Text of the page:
Final Touches

The workers chisel off debris from the cold joint and use grinders to obtain the correct rail profile. Inspection and testing are necessary to ensure that the welded joint is ready for service, with the standard tests being hardness, strength, and transverse breaking load tests. At least 30 minutes should elapse before a train passes on the welded joint.

Precautions for Thermite Welding

  • Only a qualified welder with a competency certificate should thermite weld rail tracks.
  • All required equipment should be available onsite and in good working condition. Most importantly, workers should wear personal protective equipment throughout the process.
  • Workers should thermite weld rail joints as per prescribed procedures, paying particular attention to the vertical and horizontal alignments of the rails.
  • Thermite welding should be done in an entirely moisture-free environment. A single drop of water can result in violet and hazardous reaction.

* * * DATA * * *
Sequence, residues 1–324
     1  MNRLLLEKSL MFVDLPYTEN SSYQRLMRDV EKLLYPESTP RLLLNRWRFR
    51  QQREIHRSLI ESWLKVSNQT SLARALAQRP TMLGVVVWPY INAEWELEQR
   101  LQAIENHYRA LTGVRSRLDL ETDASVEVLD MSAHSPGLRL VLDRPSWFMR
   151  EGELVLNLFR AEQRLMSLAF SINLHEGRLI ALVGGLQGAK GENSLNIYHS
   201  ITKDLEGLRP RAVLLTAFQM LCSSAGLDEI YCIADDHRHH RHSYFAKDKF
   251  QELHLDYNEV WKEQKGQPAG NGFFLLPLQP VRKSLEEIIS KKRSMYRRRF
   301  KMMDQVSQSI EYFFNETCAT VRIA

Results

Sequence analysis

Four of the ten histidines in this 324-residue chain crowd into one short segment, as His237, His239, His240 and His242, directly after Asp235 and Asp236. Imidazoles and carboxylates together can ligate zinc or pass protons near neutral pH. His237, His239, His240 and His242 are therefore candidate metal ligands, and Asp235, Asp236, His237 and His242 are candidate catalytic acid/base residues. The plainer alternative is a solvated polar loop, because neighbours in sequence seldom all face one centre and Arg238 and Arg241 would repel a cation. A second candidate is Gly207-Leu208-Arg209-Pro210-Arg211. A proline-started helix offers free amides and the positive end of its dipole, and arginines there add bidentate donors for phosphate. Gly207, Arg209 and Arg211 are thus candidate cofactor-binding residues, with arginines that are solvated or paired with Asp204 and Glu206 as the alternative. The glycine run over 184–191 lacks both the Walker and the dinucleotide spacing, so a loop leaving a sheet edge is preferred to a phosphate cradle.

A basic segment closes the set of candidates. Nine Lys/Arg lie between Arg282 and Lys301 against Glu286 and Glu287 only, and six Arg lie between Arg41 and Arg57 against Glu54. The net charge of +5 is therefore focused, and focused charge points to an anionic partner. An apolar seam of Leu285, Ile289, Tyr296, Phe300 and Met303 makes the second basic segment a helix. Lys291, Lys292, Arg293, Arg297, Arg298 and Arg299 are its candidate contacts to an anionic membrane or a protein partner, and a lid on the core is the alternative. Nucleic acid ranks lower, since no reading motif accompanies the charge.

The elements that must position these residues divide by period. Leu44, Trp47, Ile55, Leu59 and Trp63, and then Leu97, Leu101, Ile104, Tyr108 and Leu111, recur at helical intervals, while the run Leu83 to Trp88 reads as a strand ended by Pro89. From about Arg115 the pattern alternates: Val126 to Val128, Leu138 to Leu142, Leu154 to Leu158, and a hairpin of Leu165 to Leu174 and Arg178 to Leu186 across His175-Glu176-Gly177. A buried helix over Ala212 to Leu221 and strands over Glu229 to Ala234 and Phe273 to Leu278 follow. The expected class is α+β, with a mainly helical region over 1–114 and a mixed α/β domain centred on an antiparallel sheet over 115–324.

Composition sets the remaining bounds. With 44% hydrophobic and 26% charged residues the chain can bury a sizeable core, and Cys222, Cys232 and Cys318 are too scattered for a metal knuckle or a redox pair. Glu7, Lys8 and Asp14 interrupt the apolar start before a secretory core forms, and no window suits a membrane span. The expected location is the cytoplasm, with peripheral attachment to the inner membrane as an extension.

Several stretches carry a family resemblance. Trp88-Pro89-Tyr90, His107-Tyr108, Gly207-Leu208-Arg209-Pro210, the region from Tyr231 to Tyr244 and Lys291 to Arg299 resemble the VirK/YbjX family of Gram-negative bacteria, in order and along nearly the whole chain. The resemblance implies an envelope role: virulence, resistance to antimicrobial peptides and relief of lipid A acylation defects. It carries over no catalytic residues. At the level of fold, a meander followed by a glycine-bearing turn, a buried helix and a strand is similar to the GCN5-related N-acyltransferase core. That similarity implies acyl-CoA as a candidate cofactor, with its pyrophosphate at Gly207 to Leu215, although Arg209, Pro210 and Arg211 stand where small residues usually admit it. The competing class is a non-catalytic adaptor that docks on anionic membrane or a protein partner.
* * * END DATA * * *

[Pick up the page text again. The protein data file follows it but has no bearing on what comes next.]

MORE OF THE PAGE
• The rail should be cleaned with a wire brush and kerosene oil before welding takes place.
  • Workers should ensure that the thermite powder bags are wholly sealed and void of moisture before opening. The thermite mixture should be no more than two years old.


Thermite welding has long been the universally accepted method for joining rail tracks onsite. It doesn’t need external power, comes with a portability advantage, and forms seamless welded joints. Nonetheless, the success of the procedure lies in the adherence to stipulated guidelines and the use of the correct welding kit.